Erwin Panofsky’s Meaning in the Visual Arts is considered a key work in art history. Its ideas have provoked widespread debate, and although it was first published more than sixty years ago, it continues to feature regularly on numerous university reading lists.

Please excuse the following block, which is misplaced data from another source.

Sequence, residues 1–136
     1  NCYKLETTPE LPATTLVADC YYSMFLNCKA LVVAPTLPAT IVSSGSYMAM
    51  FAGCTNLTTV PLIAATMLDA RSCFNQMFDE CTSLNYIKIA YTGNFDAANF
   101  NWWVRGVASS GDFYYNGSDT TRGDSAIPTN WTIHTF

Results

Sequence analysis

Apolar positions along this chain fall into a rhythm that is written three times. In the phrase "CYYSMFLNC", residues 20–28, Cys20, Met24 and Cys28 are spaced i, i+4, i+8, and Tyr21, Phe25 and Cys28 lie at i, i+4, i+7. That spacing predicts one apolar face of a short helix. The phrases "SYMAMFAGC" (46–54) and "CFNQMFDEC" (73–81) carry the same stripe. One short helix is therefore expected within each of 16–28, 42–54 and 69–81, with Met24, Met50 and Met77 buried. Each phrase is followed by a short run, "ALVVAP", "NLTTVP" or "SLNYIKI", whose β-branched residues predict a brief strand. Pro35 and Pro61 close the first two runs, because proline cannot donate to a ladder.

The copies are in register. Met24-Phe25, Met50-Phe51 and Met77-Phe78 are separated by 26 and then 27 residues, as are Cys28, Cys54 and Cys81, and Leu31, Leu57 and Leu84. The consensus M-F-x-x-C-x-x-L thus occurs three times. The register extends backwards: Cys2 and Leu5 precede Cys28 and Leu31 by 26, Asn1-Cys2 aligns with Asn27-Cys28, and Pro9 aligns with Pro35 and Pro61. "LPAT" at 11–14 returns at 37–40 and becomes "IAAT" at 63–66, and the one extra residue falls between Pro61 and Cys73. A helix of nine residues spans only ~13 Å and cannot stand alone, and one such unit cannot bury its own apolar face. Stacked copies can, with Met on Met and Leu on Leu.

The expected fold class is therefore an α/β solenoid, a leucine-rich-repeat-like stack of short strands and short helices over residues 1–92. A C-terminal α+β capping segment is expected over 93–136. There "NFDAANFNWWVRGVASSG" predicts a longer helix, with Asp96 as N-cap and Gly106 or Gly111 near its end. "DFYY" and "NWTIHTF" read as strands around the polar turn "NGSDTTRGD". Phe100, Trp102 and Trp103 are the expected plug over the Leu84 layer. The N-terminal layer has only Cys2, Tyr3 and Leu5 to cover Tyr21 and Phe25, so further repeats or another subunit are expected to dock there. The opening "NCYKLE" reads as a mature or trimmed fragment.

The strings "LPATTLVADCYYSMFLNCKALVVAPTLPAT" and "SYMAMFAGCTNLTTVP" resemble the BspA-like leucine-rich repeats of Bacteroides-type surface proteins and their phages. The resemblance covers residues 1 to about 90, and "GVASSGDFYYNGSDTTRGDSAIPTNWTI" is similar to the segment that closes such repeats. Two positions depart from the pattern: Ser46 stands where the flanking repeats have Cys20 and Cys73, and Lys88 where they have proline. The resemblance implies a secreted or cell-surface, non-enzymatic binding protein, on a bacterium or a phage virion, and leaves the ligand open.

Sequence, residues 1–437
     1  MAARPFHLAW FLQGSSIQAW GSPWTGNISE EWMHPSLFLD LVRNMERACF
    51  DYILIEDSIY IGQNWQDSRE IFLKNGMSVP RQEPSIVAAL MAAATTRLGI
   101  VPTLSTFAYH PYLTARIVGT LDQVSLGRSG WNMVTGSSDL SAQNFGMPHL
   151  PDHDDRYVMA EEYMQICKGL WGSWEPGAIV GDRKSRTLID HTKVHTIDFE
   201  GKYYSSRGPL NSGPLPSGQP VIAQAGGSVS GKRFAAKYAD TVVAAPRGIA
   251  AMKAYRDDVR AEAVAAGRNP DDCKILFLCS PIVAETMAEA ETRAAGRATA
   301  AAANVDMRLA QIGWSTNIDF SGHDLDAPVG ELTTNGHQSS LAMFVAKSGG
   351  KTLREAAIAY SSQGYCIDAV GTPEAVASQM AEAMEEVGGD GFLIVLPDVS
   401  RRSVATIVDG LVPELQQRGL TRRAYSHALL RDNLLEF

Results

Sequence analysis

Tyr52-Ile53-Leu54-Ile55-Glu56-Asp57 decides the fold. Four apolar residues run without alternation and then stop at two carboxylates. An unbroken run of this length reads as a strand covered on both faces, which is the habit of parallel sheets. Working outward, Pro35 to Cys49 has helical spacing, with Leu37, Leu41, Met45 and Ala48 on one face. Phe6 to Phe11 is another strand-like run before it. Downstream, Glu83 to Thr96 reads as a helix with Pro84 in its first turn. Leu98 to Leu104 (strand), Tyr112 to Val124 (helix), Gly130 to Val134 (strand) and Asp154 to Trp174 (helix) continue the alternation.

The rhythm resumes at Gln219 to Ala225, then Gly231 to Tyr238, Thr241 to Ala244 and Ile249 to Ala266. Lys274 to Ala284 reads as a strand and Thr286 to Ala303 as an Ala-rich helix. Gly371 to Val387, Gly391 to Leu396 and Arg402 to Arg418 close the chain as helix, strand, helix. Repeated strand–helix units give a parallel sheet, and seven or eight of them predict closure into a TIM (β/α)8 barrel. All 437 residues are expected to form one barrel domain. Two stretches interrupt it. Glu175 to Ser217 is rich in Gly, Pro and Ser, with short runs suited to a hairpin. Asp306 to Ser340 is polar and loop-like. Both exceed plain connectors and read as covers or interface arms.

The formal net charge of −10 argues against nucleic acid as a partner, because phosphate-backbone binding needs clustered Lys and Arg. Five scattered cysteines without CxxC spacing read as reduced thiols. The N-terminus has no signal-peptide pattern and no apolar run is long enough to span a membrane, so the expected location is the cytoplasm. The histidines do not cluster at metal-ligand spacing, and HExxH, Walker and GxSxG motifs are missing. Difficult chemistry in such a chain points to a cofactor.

Meaning in the Visual Arts comprises nine essays. In these, Panofsky argues for the independence of iconology as a branch of history. He moves on to demonstrate the anatomy of art and its study, as well as the controlling principles of interpretation. He then deals with the theories of human proportions, Gothic architecture, and the Northern Renaissance. Finally, Panofsky discusses his own American experiences.